by Angela Rapacz
I pulled off my wool hat and handed the doorman a ten dollar bill. Strand by strand, my hair succumbed to static electricity and floated toward the ceiling. My dry, cracked skin snagged the cotton fingers of my gloves. My raw lips cried out for Chapstick. I scoured the barroom, looking for my friend Jamie. I searched for her past empty cans of Pabst Blue Ribbon, under mop top haircuts coiffed to perfection, and through skinny little hipster boys in skinny little hipster jeans.
There was a time, not long ago, when I scavenged thrift stores for vintage apparel, read Vice magazine, listened exclusively to music that no one else had heard of and wouldn’t have been caught dead in a Target. Not long ago, the Ten Bar was my home away from home, and my knack for punk rock trivia, collection of ironic t-shirts, and taste for Miller High Life got me into the beds of some notable drummers, bass players and even a couple of lead guitarists. I stood there in my North Face ski jacket and True Religion jeans and made peace with the fact that the new me wouldn’t be invited to any after-parties. I made my way around the bar three times, trudging slowly across the sticky floor. Just as I was about to give up and head home to brew a cup of Earl Grey and settle in with the latest Twilight novel, I saw Jamie headed in my direction, attempting to balance three pints in her small hands.
“I hope you don’t mind, but I ran into my friend David and I asked him to join us.” Jamie didn’t wait for a response before leading me to a high-top table tucked way back in the corner, the scent of Summit EPA trailing her. Truth be told, Jamie couldn’t care less whether or not anyone minded anything she did. This is what made her fun. I was about to make up some excuse about having to get up early, that I had just stopped by to say hello. Then I saw David’s friend.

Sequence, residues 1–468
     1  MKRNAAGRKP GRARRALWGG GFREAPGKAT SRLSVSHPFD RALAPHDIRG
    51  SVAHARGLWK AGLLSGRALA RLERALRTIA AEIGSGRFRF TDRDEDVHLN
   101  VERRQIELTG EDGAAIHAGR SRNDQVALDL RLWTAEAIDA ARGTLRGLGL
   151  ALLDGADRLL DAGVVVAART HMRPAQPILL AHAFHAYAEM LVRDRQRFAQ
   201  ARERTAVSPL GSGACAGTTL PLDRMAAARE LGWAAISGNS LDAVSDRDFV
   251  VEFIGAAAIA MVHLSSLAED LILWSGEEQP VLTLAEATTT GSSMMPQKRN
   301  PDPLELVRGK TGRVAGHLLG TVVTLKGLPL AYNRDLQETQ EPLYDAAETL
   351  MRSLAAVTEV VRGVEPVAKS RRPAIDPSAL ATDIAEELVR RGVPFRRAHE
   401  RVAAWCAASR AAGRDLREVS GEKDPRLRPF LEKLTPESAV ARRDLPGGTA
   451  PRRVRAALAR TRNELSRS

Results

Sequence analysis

I had always been an “it’s-what’s-inside-that-counts” kind of a girl, but this man was the reason women shove their fingers down their throats and augment their breasts. He should have been sitting poolside at Skybar getting bottle service, not drinking two dollar beers at a place that is only famous for not cleaning their taps. I wanted posters of his naked abs plastered across my bedroom ceiling. He sat up straight in his Diesel jeans and Cole Haan shoes, Blackberry blinking in front of him. He either didn’t know or didn’t care that this little blatant symbol of consumerism was like waving a confederate flag in front of this non-conformist crowd.
“Thank God you’re here,” he said, leaning toward me and whispering in my ear. “These assholes have helped redefine what it means to be the third wheel. I’m Keenan.” His biceps bulged beneath his cashmere sweater, and but he smelled absolutely fantastic. I quickly pulled away, not because I didn’t want to breathe him in, but because I had spent the last eight hours changing colostomy bags and drinking hospital coffee. I didn’t want him smelling me.